Jo Anne McKernon, a fourth grade teacher at Thurgood Marshall Elementary School, has been selected to receive the MCPS Teacher of the Year award. McKernon will represent Montgomery County in the competition for the 2000-2001 Maryland Teacher of the Year.
McKernon found out about this honor during a surprise visit to her classroom from Superintendent Jerry D. Weast and Board of Education President Patricia B. O'Neill.
Her students cheered as she thanked them for being excellent students and praised her colleagues at Thurgood Marshall. "I'm only part of a team," McKernon said, "It's the principal, staff and parents pulling together that produce the best program for children."
McKernon and other local teachers of the year from across the state will be honored at a breakfast and meeting of the State Board of Education on May 23 and at a lunch sponsored by the Maryland Business Roundtable Foundation on the same day. The teachers also become part of a state network of exemplary educators working with the Maryland State Department of Education (MSDE) on policy and program development, and will participate in the Maryland Teacher Forum.
All local teachers of the year will be candidates for the Maryland Teacher of the Year, who will be announced at an awards dinner at Martin's West on October 13. Finalists for the state award will be named in August.
McKernon joined MCPS as a first grade teacher at Forest Knolls Elementary School in 1993 and also taught second and fourth grade before coming to Thurgood Marshall this year. She teaches a 4th grade class of 28 students and co-teaches science with the classroom teacher for the Learning Disabled/Gifted and Talented class, providing a mainstreaming opportunity for an additional six 4th graders.
Her teaching is characterized by her view of education as a lifelong endeavor. "The idea of continuous learning makes me a teacher who models the love and excitement of learning to my students," she says.
She earned a bachelor of science degree in education from the University of Maryland in 1992. In her seven years of teaching, she has broadened her knowledge in many ways. She has completed most of the requirements for a master's degree in gifted and talented education from Johns Hopkins University and expects her master's this summer.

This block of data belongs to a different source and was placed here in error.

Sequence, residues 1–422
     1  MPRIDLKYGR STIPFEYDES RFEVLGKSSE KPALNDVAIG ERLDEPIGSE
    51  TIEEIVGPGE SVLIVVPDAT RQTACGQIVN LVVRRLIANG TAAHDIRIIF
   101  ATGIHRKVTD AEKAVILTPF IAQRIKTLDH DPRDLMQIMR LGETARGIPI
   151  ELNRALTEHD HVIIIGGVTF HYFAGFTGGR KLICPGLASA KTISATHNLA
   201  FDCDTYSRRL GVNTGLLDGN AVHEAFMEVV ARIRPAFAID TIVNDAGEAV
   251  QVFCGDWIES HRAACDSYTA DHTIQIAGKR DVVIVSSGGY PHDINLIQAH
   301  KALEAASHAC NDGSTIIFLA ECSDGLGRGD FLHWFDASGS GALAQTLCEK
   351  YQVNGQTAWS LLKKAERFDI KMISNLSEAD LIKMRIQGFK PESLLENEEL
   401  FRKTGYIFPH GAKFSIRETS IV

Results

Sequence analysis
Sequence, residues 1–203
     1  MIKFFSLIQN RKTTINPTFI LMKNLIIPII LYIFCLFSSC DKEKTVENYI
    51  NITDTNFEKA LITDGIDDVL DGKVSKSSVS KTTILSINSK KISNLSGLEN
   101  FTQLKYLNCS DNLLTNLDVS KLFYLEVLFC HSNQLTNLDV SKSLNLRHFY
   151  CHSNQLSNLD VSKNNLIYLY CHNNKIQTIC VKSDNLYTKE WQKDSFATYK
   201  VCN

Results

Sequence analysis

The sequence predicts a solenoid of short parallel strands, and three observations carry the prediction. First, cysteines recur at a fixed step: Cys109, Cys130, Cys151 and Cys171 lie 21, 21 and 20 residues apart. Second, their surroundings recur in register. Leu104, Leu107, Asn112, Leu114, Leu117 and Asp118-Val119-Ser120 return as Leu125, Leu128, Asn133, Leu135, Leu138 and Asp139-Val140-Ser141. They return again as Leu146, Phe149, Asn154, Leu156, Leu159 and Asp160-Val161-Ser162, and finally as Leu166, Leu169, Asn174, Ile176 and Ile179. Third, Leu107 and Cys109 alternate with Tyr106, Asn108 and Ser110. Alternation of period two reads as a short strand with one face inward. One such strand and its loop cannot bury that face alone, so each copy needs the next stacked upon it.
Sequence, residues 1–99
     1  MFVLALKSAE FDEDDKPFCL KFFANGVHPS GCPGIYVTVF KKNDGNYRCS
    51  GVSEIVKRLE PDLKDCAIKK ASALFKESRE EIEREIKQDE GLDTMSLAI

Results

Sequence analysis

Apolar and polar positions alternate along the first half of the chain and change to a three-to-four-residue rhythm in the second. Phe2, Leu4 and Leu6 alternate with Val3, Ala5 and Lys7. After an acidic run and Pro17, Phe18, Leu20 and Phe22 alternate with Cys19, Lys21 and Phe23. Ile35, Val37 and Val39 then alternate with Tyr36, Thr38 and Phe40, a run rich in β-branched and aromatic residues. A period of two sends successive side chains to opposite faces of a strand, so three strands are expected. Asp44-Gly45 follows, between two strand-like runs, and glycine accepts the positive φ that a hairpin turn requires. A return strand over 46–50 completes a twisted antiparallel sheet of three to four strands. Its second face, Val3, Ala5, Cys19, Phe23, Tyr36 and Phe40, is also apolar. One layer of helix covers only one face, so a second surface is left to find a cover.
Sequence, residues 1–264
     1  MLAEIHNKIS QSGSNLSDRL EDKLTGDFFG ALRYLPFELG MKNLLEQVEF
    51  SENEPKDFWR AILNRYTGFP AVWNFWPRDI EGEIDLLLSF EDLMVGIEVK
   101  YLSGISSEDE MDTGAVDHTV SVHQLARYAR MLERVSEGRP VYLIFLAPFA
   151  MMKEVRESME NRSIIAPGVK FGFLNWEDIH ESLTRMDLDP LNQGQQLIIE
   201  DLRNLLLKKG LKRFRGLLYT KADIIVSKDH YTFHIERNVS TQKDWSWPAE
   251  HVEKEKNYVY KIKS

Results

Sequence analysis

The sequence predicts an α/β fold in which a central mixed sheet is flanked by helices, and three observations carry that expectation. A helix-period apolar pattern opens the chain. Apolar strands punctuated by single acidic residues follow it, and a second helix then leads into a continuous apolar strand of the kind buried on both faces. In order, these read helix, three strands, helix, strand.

In addition to her graduate studies, McKernon passed the National Board for Professional Teaching Standards' rigorous program and became a National Certified Teacher in November 1999. She is one of only eight MCPS teachers who have achieved this prestigious national certification.
Although McKernon teaches all fourth grade subjects, she feels her greatest strengths are in reading and language arts. She has been trained in the William and Mary Reading Program for gifted learners and is a leader for Junior Great Books. She also co-wrote a grant for a Reading is Fundamental program called "Running Start."
She is actively involved in her school community and currently is a member of the staff development committee at her school and is mentoring three new teachers. She served on the Behavior Management Committee in her previous school. After undergoing intensive training, she led staff development meetings with a focus on the instruction of social skills. She also has led training on how to incorporate math games into instructional programs.
McKernon is constantly looking for ways to draw parents into the educational process and feels they need to hear the message "over and over again" that they are a powerful force in the success of their children. She makes exceptional efforts to keep parents informed through newsletters, phone calls and e-mail messages and involves parents and students in decision making by listening to and incorporating their ideas.
She also participates in after school activities, such as Family Math Night, that are designed to bring families into school while providing educational experiences for children. She has run similar theme nights integrating technology and the science curriculum. In 1995, McKernon was recognized by the Office of Instruction and Program development for "innovative instructional practices using technology.
Mc Kernon asserts that teaching is "the best job in the world." Her enthusiasm is reflected in the comments of one of her students. "Mrs. McKernon explains everything clearly so it is easy to learn hard things," he says. "She is the best teacher I ever had because she makes everything interesting and fun."